A business plan is one of the most important things you will ever create for your business. As a start-up, it helps to outline your pathway to a sustained profit. As an established business, keeping your business plan up to date and revisiting it on a regular basis keeps you on track. Measure your achievements against the milestones you set out for yourself.
I have worked with clients both in the start-up phase as well as established businesses to develop their business plans. In both cases most don’t realize how much you need to prepare before you start so you can make sure you don’t miss anything.
Here are 15 things you need to know before you set out to write your business plan:
- Be unique: Following a sample business plan is not usually in your best interest. There is nothing wrong with using it as a guide, but your business plan should be as unique as your business is. Just because it is a business document, doesn’t mean that it can’t tell a really exciting story. In fact, it should, but stay away from “marketing speak”.
- An executive summary is necessary: Sometimes this is the only thing that investors will read before making an initial decision. It should be the last thing you write and it should SUMMARIZE EVERYTHING in your business plan in two pages or less.
- Summarize what you do in one sentence: So many people get through an entire business plan and it is still unclear what exactly the purpose of the business is. If you start off by summarizing in one sentence, you can add detail from there.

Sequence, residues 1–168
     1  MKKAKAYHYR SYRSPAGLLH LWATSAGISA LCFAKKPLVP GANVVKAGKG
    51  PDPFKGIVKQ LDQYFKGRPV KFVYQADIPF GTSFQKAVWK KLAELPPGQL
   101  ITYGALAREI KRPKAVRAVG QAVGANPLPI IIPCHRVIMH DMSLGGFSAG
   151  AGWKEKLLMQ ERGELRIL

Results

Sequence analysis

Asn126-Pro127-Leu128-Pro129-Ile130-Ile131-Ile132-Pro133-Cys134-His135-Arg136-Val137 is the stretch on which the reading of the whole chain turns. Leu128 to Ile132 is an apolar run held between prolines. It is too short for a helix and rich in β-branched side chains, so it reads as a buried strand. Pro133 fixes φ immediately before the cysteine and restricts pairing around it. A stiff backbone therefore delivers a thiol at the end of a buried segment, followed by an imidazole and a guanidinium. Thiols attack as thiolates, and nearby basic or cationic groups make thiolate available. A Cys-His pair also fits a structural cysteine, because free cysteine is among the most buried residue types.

- Know your target audience(s): You should be able to talk about them as groups of people based on both demographics and psychographics.
- Know your market: Do some research and see if you can find some good data to justify your entrance into the market.
- Know how the market is segmented: How does your target audience fit into things? Are you limiting yourself with a really narrow scope? Are you trying to cast your net too wide?
- Know your competition: Be realistic about this. If you are a small start-up, your direct competitor may not be a multi-national billion dollar organization. However, you can aspire to that!
- Know your differentiators: What makes you sure you will succeed against your competition? Tell potential investors how you will stand out.
- Create a financial forecast: Your financial plan should talk about the money you are going to make in the future. This is called financial forecasting. It is a pretty good idea to forecast 3-5 years to give everyone a sense of the growth you plan to achieve financially.
- Charts and graphs are your best friends: A document that is just long blocks of text can be cumbersome to read. Break it up by creating visuals out of your text and data.
- Images should have purpose: Putting an image in the document just for the sake of using an image is not a great idea. Make sure it’s there for a purpose, just like your business.
- Include details: You can be detail oriented while still being concise. Make sure you cut out the fluff and fill the space with necessary information.
- List your references: Any data or facts that you use throughout your business plan should be from a credible source and listed in the appendix. Your grandma may not be the most credible source to talk about what kids like these days, and the same goes for Wikipedia.
- Don’t be afraid to hire an expert: Sometimes, an expert can give you insights into your business plan you may not have thought of.
- Leave time for review: It is important to take the time to do a final review of your business plan before sending it anywhere. Even better is to have someone else read it for you and give you feedback.
In many cases, when creating a business plan I like to apply the Goldilocks principle to business. There is that sweet spot where you are at the right temperature and the bed is just soft enough. Your business plan, when you get it just right, is the narrative that will attract investors and consumers to your business.